Olivia Smoliga Becomes First HS Girl Under 22 Seconds in 50 Free

  21 Braden Keith | November 17th, 2012 | High School, News

Olivia Smoliga from Glenbrook South High School entered this weekend’s Illinois High School State Championship meet with here eyes on a possible 100 backstroke National High School Record.

But do you remember how she didn’t swim that race at last year’s meet, because she wanted to improve upon her versatility, and therefore value to a college team, by focusing on her sprinting? Mission accomplished.

Smoliga swam a 21.99 in the finals of the 50 free to become the first high school female in history to go under 22 seconds. The future Georgia Bulldog took down the old public school, and overall, record held by Kara Lynn Joyce of 22.04 from ten years ago (almost to the day – November 22nd).

Smoliga is a future Georgia Bulldog, just like Joyce once was, and with this swim really enters the conversation alongside Missy Franklin and Lia Neal, the two Olympians, for the ultra-primo recruits in this class; certainly in yards. What’s more is that this meet is being swum at Evanston Township High School, which locals decry as a “slow pool”.

She’s got the 100 back to come still, where she was a 51.8 last night that leaves her a few tenths from Rachel Bootsma’s record in that race as well. We’ll update with a full meet recap when things wrap up in Illinois.

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21 Comments on "Olivia Smoliga Becomes First HS Girl Under 22 Seconds in 50 Free"

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Nostalgia and fond memories don’t justify defending these silly pools, nor does the completely subjective notion of “atmosphere” being so important.

How does the Illinois state meet compare to Ohio? I remember when the PA high school state meet was held at Penn State…Atmosphere was electric, and with the boys and girls swimming together the place was always packed.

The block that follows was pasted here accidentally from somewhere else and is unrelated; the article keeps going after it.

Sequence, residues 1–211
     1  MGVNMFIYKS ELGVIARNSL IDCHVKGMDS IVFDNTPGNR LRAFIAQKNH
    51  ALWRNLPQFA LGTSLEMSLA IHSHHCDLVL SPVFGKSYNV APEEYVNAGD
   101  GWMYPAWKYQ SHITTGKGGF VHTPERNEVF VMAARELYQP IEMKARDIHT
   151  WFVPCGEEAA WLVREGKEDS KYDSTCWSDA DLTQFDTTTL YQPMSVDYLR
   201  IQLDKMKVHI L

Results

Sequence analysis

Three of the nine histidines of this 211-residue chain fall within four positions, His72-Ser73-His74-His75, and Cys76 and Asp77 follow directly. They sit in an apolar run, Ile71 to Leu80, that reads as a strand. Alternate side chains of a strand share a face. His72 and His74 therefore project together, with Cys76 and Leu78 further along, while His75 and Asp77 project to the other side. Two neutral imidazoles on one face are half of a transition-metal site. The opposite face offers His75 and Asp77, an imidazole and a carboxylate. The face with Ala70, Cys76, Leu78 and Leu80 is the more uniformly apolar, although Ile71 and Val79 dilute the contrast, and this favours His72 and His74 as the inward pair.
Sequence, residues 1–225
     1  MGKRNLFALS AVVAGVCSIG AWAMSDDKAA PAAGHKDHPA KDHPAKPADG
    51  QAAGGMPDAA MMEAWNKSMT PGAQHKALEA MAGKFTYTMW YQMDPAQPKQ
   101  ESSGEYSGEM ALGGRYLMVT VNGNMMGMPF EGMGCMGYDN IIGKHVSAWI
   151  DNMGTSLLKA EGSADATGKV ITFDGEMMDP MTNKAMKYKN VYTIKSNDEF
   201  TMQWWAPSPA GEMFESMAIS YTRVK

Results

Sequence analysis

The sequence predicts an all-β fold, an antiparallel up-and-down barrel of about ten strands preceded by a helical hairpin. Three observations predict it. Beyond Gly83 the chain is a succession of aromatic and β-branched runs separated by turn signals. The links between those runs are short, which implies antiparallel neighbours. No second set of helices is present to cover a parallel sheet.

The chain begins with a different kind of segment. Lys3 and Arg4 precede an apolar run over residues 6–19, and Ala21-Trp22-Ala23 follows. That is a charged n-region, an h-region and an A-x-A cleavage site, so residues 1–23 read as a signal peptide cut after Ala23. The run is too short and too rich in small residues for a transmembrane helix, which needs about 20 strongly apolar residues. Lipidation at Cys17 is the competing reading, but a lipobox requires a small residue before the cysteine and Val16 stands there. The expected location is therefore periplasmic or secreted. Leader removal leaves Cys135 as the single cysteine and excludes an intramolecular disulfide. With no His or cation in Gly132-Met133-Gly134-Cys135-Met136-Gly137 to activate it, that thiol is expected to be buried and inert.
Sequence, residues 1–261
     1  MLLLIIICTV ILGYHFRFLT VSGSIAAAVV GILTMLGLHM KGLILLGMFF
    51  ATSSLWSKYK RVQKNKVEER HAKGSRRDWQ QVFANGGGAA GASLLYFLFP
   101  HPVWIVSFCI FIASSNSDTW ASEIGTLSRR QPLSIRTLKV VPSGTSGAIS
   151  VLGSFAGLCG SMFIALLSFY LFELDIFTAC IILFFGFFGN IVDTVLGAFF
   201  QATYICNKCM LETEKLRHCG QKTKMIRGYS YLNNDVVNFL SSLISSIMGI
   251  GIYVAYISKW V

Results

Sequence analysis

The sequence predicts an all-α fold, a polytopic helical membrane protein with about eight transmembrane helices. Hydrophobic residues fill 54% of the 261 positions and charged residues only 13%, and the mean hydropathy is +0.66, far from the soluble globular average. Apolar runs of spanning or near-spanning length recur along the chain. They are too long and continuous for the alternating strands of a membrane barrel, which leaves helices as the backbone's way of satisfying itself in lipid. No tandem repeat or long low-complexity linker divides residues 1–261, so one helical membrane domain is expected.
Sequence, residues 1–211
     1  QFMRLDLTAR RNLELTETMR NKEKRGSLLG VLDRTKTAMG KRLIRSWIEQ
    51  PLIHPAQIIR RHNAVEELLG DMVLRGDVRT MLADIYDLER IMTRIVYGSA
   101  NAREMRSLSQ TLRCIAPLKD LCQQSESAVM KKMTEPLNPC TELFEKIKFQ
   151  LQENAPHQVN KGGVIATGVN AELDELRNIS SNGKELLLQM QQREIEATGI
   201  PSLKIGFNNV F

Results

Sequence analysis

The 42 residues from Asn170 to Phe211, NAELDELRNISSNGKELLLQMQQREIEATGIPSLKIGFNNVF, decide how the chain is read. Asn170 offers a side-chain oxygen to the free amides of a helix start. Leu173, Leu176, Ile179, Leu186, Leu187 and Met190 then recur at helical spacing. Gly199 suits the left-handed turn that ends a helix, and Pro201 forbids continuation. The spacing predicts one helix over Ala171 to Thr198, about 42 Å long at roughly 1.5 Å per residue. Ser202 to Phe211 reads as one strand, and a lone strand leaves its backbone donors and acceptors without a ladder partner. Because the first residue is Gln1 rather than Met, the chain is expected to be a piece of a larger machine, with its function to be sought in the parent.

Come to New Jersey state Championship plenty of seating available. Arrive 5 minutes before first relay plenty of seats. A 50 meter complex on entering the first section is virtually empty and can go right down to finish line and stand against rail at top of seating. The capacity is 500 but we have no hassle getting in or getting a seat. They way you accomplish this is not to score the meet as this is the only State to do so. They think they have the right idea.

as a former IHSA swimmer, i can attest, the atmosphere is truly unparalleled. grevers was definitely right in his comparison. you can hear a pin drop at the start. crazy tension in the air!


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Braden Keith

The most common question asked about Braden Keith is "when does he sleep?" That's because Braden has, in two years in the game, become one of the most prolific writers in swimming at a level that has earned him the nickname "the machine" in some circles. He first got his feet …

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